While North Korea’s threats were an American and Korean media highlight the reasons behind it were not as well-known. The United States was conducting joint annual military exercises with South Korea, and the North felt insecure having US troops so close to its border. Since 2002, South Korea and the U.S. have been conducting joint annual military exercises known as operation “Foal Eagle.” Foal Eagle is an annual two-month military exercise involving approximately 10,000 US and South Korean troops engaging in ground, air, naval, expeditionary and special operations training exercises. The exercises are expected to start today February 24, 2014 and as expected, North Korea is not happy.
Later this month, North and South Korea had planned to sponsor family reunions for families separated by the North South divide. This was the first state-sponsored reunion since 1953 and were anticipated to be an important reconciliatory act for Korean society. However, until recently North Korea planned to cancel the event in protest of what it interpreted as “practice for a U.S.-led invasion into the North.[i] However, high-level negotiations amongst South Korean and North Korean officials were able to save the reunion.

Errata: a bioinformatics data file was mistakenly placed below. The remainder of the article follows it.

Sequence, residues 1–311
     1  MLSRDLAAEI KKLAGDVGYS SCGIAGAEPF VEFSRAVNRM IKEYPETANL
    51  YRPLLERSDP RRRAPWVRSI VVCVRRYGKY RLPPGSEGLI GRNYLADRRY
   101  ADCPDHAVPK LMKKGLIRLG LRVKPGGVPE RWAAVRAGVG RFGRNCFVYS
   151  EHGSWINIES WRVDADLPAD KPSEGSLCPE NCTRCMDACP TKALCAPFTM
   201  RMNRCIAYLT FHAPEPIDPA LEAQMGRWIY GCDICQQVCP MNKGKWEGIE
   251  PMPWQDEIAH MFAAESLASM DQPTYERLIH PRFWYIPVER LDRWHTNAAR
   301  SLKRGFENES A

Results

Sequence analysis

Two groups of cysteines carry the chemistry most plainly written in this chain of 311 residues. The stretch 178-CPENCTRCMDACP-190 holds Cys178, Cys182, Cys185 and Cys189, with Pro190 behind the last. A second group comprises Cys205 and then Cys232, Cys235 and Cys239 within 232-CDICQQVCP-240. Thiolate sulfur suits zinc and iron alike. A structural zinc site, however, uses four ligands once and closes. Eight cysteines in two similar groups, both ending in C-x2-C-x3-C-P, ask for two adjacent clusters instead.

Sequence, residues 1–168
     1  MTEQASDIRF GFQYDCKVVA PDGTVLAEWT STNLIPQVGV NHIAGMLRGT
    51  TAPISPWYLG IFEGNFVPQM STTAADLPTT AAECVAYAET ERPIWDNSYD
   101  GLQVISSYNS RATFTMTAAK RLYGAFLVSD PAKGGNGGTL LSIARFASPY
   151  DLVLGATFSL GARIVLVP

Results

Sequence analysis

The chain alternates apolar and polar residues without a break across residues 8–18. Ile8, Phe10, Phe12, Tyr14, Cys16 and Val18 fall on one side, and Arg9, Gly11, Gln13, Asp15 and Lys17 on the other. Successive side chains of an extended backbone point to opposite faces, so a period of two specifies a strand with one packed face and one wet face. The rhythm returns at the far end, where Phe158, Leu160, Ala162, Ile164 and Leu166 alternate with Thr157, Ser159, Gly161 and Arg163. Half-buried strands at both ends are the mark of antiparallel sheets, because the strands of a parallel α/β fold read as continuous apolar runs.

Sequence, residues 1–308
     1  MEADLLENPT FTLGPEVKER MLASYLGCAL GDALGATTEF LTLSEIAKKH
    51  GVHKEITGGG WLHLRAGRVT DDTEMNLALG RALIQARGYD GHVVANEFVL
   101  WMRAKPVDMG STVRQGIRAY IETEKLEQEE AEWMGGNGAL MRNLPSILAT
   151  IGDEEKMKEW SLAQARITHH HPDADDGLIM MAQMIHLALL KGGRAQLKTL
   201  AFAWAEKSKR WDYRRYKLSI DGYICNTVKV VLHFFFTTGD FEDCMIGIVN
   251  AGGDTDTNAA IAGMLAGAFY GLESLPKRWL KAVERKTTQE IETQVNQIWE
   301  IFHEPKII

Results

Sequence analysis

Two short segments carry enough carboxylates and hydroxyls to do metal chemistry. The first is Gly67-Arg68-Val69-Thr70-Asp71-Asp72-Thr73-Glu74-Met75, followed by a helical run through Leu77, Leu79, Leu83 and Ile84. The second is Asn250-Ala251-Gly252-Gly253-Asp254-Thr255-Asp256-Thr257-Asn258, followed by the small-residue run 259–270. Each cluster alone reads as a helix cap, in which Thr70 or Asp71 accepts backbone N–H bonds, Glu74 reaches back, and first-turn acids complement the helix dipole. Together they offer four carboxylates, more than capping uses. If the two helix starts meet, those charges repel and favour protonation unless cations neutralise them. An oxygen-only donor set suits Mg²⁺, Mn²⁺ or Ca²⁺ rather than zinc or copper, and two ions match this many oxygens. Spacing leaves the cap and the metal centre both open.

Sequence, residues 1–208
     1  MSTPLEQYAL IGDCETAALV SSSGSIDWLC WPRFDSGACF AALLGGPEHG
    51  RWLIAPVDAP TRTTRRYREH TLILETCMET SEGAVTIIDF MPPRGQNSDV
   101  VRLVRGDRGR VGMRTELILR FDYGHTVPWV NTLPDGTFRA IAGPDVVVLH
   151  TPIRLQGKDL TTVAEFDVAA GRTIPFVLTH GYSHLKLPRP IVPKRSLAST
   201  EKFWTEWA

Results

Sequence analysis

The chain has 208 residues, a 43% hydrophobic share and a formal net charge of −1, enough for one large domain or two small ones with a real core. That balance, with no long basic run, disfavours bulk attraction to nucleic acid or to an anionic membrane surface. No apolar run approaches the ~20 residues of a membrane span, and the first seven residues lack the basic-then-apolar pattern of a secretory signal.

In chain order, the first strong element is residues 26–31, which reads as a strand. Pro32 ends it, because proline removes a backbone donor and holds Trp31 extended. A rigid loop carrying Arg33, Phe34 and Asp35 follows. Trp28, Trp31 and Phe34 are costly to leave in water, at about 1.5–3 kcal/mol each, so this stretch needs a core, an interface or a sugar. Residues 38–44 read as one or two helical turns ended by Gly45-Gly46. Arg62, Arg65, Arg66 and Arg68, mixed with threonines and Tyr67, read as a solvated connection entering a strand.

While the reunion was saved, it still seems likely that we can expect North Korea to increase inflammatory and anti-American rhetoric over the next few weeks both prior to and during the military exercises. This type of dialogue should be expected as Pyongyang previously reported in a state-run newspaper that, "The US is working hard to kick off large-scale joint military drills this year, too, for the purpose of mounting a pre-emptive nuclear attack upon [North Korea]." Pyongyang’s fears of a military attack are no surprise, as Foal Eagle operations involve flying carriers, which are capable of carrying nuclear weapons. This type of perceived security threat assures that North Korea will continue on its chosen course of provocative dialogue.